After a rough 2013 from both a performance and public relations standpoint, Pacific Investment Management Co., the big asset manager better known as PIMCO, is on a roll.
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Many of its funds are outperforming their benchmarks and once again posting cash inflows after a disastrous bet in the bond market and some awkward public moments on the part of the firm’s mercurial founder, William Gross.
The 70-year-old Gross, long known as one of the bond market’s best investors, even received a strong vote of confidence last week from the management team at its parent company, German insurance giant Allianz, for which PIMCO manages roughly $1.97 trillion in global assets.
Allianz CFO Dieter Wemmer said in a statement following second-quarter earnings that he was happy with the rebound – and Gross’s management of the Newport Beach, California-based firm. "The key for future results is the investment performance, which is at a very high level: 89% of Pimco's assets under management outperformed their benchmarks on a three-year basis," Mr. Wemmer said.
“This is certainly a good sign for the firm as a whole,” said Barry Fennell, senior research analyst at data provider Lipper. “I do think that it’s true that they (Allianz management) have faith in [Gross’s] ability to manage the firm,” he added.
Still questions linger about management overall and Gross in particular. In 2013, disagreements became common between Gross and Mohamed El-Erian, PIMCO’s then chief executive and heir apparent. Those loyal to Gross attributed the rift to poor performance of the funds run by El-Erian, while others said it had more to do with Gross’s imperious management style.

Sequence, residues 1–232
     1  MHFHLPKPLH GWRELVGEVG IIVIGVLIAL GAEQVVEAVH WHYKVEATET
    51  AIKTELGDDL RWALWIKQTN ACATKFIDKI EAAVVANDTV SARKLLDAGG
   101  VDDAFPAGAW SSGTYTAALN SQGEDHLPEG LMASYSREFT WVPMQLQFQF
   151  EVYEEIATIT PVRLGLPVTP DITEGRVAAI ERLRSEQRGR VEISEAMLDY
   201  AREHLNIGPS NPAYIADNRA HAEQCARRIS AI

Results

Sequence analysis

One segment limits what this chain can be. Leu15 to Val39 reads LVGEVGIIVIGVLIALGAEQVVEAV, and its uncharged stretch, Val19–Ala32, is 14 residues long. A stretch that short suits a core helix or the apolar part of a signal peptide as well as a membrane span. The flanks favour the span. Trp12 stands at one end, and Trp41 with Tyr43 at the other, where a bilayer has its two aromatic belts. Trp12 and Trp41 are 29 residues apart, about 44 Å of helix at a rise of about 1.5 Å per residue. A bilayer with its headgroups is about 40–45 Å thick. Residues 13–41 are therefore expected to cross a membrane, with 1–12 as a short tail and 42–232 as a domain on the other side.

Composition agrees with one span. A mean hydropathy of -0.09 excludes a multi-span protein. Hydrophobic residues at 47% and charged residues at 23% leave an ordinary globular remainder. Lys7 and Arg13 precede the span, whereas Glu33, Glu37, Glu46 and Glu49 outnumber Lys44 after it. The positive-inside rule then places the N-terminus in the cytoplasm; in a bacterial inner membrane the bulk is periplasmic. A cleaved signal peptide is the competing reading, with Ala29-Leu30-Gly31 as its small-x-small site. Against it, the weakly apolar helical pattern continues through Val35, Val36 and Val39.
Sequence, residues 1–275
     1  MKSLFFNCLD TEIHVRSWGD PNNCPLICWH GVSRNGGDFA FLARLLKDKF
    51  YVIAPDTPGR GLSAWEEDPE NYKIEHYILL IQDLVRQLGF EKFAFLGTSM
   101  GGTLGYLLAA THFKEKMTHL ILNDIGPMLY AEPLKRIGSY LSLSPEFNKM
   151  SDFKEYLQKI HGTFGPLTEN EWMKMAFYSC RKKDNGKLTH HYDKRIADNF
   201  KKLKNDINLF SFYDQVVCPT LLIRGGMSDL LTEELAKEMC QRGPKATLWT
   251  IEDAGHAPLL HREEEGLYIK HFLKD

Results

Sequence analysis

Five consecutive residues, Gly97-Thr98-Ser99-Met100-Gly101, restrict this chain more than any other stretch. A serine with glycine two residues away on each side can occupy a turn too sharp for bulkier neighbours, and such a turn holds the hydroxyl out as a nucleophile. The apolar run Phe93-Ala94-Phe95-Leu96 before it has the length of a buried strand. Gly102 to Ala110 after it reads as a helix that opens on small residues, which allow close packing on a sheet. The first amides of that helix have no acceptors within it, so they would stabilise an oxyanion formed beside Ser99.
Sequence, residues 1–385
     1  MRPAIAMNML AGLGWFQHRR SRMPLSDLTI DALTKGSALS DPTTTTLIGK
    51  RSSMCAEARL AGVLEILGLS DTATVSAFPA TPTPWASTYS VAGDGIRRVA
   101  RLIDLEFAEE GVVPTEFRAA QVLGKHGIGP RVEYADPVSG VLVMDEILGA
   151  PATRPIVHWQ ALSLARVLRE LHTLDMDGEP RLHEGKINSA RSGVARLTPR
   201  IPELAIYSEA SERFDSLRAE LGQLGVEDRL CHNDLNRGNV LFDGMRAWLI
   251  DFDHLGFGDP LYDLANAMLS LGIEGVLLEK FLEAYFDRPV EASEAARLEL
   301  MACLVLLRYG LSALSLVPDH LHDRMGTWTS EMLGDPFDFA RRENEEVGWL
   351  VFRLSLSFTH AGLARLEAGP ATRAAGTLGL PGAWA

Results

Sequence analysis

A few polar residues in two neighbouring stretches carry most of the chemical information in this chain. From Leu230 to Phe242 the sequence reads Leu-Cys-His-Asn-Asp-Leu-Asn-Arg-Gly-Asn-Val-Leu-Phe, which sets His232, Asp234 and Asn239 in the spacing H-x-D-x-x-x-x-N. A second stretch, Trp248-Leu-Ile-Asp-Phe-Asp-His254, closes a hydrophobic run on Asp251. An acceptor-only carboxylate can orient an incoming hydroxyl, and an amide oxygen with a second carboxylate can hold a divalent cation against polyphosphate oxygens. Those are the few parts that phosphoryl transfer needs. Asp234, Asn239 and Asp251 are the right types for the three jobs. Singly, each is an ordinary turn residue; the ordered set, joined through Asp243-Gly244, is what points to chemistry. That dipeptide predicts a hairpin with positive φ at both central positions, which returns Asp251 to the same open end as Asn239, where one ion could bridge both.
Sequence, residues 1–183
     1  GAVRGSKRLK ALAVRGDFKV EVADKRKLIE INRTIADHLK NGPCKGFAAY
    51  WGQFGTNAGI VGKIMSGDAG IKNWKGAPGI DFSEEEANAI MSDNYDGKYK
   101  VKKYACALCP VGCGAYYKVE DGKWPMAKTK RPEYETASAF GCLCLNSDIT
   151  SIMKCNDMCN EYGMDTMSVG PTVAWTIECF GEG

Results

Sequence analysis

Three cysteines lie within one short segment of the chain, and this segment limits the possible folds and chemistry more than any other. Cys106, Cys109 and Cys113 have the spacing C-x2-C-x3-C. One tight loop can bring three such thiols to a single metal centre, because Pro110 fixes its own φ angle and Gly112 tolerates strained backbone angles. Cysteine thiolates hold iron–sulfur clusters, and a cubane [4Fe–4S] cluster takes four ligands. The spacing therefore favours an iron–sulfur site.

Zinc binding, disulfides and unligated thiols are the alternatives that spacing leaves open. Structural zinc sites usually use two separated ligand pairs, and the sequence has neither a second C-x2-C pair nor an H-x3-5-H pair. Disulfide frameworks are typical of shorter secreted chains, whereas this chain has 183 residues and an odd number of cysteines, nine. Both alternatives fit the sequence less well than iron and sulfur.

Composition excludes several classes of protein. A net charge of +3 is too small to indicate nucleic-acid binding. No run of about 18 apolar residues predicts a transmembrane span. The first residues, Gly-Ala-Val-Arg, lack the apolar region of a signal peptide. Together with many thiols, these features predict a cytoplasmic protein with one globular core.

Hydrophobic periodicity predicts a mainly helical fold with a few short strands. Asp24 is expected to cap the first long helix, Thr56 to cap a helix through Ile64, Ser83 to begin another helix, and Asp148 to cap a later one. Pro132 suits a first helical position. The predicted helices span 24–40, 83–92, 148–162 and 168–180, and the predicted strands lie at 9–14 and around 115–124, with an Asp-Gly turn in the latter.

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Gross’s performance was lacking as well; he made a bad call on interest rates, leading to losses and investors yanking money from PIMCO’s top funds, including the massive PIMCO Total Return Fund. El-Erian resigned in January, bringing additional pressure from shareholders for management changes as PIMCO’s performance suffered.
Since El-Erian’s departure, PIMCO has installed six deputy chief investment officers to fill El-Erian's role, and investors seem to like the decision so far.
“It does seem as if the six-person investment committee has given investors a little bit more comfort with the fact that other senior portfolio managers are in place at the firm and are getting more responsibilities,” Lipper’s Fennell said. “The whole situation with Mohamed leaving gave large investors like pension funds some pause to think about whether they have too much allocated to the fund.”
PIMCO is known for focusing on fixed-income securities, such as government and corporate bonds, although it has been broadening its offerings as of late. Gross is considered one of the bond market’s top forecasters, earning him the nickname “the bond king.”
But in March, the company’s newly-appointed chief executive Douglas Hodge said there was an “urgency” to diversify into equities following a year of painful outflows from its fixed-income funds as clients look for ways to protect themselves from rising interest rates. Indeed, PIMCO’s Total Return Fund logged a record $41.1 billion outflow last year.